Lexington chefs compete to cook the best meal made with SPAM
There's going to be a Food Network-style cooking competition at Marshall Hall on VMI's campus.
Three Lexington chefs are going to see who can cook the best meal with foods available during World War II, with one very special ingredient: SPAM, perhaps America's most infamous meat product.
It was developed during World War II to provide protein in a form that wouldn't go bad over time.
The George C. Marshall Foundation, along with the local chamber of commerce, is holding a cook off to see just what one can do with the stuff.
Local chef John Stallard will act as an emcee in a cook off patterned after reality TV competitions.
George Huger, a chef, said, "I swore I'd never do a thing like this, and I don't know how I got talked into it."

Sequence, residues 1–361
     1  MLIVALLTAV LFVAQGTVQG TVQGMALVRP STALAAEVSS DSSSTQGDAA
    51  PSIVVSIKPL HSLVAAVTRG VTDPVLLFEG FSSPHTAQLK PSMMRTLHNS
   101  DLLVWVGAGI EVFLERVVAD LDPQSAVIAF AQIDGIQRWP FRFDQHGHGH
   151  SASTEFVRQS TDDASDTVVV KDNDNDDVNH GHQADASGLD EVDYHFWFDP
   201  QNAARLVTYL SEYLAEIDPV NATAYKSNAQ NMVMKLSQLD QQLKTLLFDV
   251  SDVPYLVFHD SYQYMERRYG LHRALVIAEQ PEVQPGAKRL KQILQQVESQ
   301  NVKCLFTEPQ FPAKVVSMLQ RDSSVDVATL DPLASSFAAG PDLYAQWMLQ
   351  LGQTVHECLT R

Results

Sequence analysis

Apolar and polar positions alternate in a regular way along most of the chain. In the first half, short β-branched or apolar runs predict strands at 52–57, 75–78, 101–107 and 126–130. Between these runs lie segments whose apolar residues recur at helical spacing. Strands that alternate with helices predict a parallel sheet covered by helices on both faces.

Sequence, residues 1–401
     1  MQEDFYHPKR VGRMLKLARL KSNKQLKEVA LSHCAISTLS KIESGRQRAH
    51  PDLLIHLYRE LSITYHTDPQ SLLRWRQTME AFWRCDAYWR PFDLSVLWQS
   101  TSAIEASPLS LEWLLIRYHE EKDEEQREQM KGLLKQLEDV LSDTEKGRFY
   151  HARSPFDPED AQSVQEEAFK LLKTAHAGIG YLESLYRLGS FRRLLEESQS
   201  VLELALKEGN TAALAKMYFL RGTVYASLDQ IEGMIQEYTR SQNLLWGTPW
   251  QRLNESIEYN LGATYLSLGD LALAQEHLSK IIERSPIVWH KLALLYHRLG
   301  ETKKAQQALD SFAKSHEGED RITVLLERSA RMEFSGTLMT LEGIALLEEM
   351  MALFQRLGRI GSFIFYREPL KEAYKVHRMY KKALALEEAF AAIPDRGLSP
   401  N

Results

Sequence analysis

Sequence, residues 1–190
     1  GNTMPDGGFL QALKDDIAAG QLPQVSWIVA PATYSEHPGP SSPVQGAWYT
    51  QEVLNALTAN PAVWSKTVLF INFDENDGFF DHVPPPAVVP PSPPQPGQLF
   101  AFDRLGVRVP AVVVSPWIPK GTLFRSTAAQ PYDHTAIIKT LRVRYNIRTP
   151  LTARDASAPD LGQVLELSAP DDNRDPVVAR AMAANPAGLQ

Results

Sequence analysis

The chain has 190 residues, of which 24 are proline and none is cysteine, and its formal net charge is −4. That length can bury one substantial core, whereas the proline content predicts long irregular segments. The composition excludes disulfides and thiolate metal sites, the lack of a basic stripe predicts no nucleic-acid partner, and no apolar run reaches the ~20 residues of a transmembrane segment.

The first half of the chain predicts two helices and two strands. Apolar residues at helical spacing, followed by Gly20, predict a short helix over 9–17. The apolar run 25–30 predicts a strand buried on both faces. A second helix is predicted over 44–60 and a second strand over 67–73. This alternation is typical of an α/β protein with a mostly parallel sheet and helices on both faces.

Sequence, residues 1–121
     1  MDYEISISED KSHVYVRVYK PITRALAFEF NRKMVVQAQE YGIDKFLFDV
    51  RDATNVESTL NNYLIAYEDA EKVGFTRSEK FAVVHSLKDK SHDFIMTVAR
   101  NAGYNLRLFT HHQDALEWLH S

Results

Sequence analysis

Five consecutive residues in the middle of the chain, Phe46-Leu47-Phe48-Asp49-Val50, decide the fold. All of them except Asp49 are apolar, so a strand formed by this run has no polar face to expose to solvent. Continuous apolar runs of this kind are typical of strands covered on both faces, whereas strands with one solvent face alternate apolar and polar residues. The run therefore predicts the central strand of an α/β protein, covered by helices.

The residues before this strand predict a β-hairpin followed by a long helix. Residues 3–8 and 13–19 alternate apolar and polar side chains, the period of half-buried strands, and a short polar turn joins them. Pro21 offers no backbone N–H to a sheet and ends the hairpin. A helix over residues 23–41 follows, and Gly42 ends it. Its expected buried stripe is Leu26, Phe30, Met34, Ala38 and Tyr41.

In the Southern Inn, one competitor - chef and owner George Huger - usually serves up more elegant dishes.
"Well, we're going to try to make it at least edible," Huger said.
But that's a little rough. SPAM is actually rather popular.
Stallard said, "It's got a huge following, apparently, because otherwise it wouldn't be around as long as it has."
The three chefs who will be facing off have been giving it some thought.
Huger said, "I'm sure we will all try to put some herbs on it or make some kind of glaze to try to coat it with a little something to give it some flavors."
Stallard said, "It's going to be interesting, because I think all three chefs are incredible, and like I said, I know all three of them and they're going to each bring their own style."
And it should be a lot of fun.
"We'll see what happens," Huger said.